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Time runs short to flee Taliban

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The RAF air bridge allowing Britons and allies to flee Afghanistan will close soon with the UK unable to evacuate everyone it has promised sanctuary to, a minister signalled on Friday.

Defence minister James Heappey said 963 people were taken out of Kabul on British flights on Thursday, with 1,000 expected to be flown out on Friday following the takeover by the Taliban.

It comes amid concern at mercy flights leaving Kabul with many empty seats on board, despite thousands of people gathering at the airport in a desperate attempt to flee the country.

Mr Heappey admitted: “We don’t have it in our gift to say that it will last for another five days, 10 days. It is clearly circumstances that are very dynamic.

“We are simply doing our best to maximise flow, each and every day. As the Defence Secretary has sadly had to say on a number of occasions, the reality is that eventually the air bridge will have to close and quite possibly not everybody will have been got out.

“That’s what keeps us awake at night. That’s what’s motivating to us to work as hard as we are to ensure that those numbers are the absolute minimum.”

Western countries have vowed to take more than 100,000 Afghan refugees between them but Nato said only 18,000 have been flown out since Sunday. One image laid bare the extent of the situation, showing what is thought to be a Norwegian mercy flight carrying the wife of a British ex-Marine but almost nobody else. Paul Farthing, 57, posted on Twitter an image of the plane used by his Norwegian wife Kaisa.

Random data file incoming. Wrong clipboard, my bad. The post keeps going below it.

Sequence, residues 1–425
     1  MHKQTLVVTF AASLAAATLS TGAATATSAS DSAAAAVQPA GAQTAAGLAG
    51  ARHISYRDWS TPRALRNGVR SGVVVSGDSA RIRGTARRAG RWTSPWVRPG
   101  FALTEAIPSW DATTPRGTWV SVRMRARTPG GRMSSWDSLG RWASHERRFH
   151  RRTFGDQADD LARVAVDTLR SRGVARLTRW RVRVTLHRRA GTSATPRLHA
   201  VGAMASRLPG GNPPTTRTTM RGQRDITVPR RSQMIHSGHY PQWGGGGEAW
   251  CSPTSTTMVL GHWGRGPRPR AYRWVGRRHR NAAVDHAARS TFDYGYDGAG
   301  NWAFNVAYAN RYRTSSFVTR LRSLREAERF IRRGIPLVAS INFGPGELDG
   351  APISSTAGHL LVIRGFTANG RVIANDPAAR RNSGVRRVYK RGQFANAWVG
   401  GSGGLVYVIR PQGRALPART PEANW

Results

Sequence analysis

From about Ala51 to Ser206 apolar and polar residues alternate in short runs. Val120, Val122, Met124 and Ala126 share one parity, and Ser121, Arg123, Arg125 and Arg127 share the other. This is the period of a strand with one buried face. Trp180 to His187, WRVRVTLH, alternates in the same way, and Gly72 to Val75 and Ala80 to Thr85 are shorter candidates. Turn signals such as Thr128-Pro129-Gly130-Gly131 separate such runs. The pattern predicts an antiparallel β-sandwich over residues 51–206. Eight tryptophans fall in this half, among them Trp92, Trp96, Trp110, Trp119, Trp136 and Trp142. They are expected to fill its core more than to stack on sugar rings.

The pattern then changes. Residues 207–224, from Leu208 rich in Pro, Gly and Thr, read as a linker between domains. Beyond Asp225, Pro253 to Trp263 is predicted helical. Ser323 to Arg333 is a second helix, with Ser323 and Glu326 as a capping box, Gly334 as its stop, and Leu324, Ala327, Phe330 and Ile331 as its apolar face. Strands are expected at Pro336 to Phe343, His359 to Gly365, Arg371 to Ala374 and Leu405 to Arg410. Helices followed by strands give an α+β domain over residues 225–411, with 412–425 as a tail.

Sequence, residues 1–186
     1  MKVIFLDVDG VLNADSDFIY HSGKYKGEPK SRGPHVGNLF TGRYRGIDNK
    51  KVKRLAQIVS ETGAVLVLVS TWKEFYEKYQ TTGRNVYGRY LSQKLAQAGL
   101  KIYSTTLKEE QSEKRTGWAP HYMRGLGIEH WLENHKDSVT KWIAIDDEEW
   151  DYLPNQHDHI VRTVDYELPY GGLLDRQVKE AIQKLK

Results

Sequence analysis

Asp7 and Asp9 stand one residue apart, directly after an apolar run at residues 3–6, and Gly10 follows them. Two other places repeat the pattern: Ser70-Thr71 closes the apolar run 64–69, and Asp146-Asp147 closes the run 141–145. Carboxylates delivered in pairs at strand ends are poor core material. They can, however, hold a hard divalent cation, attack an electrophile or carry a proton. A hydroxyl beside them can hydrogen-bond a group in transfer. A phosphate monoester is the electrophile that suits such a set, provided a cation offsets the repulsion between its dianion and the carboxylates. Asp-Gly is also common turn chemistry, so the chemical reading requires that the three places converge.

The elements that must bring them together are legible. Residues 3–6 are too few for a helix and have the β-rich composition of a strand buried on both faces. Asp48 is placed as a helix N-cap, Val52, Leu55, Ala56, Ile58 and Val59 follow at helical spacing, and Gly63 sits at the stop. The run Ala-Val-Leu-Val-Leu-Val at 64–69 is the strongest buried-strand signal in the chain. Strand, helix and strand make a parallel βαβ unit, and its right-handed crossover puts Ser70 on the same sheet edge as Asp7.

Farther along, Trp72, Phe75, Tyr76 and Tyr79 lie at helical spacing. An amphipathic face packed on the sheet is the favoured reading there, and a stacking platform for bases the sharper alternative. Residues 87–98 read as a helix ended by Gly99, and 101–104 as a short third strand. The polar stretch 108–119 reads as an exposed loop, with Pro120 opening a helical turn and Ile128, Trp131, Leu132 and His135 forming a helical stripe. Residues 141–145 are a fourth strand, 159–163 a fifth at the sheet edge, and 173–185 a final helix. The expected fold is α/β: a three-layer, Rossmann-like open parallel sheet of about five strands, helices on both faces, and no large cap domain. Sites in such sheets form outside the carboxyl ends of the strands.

She boarded a military transport aircraft for the flight to Norway after a hazardous drive to the airport at night.

Mr Farthing said in a tweet that the situation was “scandalous.”

He continued: “Thousands wait outside Kabul airport being crushed as they cannot get in. Sadly people will be left behind when this mission is over as we CANNOT get it right.”

Mr Farthing later told Sky News how aircraft are taking off from the airport every hour “regardless of whether they’re full or not”.

Flights bound for Australia, the Netherlands, France and Italy are reported to have been taking off with just a few dozen people on board, while a German plane with room for 150 departed on Tuesday with just seven passengers.

Giant US cargo planes are said to have been departing with an average of just 100 people on board —despite being able to carry more than 600.

The US State Department, meanwhile, was forced to scrap a plan to bill US citizens and allies $2,000 or more for their evacuation flights amid widespread criticism.

The UK Government has stressed its flights have been full and Mr Heappey today said he understood the Taliban were not turning people away from Kabul airport, adding: “Where they have done, I’ve heard it’s more that they are being officious rather than malicious.”

Mr Heappey said if people are called forward for flights, they should “have confidence” the Taliban will let them through to the handling centre.

He added: “People should not despair that the air bridge is their one route out of Afghanistan to the United Kingdom.

“There will be a second phase to this operation which will see people being able to enrol at other British embassies and high commissions in the region and to be able to be resettled that way.”

It comes after footage emerged of desperate Afghans handing their children to soldiers amid the chaos at Hamid Karzai International Airport.

A total of 12 people are said to have been killed in and around the airport since the Taliban took control of the capital on Sunday. The deaths were caused either by stampedes of people trying to get into the airport in the hope of boarding an evacuation flight or by gun shots in the area.

A government spokeswoman said earlier: “Departments across Whitehall have been working intensively at all levels in the last few days and weeks on the situation.

“Thanks to these efforts, we have relocated more than 2,000 Afghans to the UK since June, evacuated more than 400 British nationals and their families on RAF flights since Sunday and established one of the most generous asylum schemes in British history.”

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